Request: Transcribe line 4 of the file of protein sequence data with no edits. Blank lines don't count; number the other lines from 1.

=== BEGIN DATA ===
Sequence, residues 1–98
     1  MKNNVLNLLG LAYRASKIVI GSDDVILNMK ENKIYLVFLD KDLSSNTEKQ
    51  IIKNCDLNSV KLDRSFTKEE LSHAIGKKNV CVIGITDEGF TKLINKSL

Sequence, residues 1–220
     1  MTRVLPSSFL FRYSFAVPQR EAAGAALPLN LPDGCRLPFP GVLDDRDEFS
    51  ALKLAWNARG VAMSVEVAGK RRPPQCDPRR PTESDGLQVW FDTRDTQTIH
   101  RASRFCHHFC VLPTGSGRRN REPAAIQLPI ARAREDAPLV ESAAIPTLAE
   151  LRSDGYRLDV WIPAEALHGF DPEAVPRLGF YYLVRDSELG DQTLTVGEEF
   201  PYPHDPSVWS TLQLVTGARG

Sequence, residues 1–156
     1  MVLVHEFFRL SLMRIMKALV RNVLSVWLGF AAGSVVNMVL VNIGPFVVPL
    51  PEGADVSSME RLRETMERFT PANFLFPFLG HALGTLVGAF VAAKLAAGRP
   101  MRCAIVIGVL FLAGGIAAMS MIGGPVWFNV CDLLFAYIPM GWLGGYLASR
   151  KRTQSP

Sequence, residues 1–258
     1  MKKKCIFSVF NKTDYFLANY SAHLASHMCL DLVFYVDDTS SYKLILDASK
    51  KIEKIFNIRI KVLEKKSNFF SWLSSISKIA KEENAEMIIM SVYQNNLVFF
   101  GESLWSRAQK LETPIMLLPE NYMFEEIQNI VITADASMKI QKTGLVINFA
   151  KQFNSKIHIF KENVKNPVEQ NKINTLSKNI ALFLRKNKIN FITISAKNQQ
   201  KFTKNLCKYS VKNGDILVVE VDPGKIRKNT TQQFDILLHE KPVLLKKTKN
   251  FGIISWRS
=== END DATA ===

Sequence, residues 1–220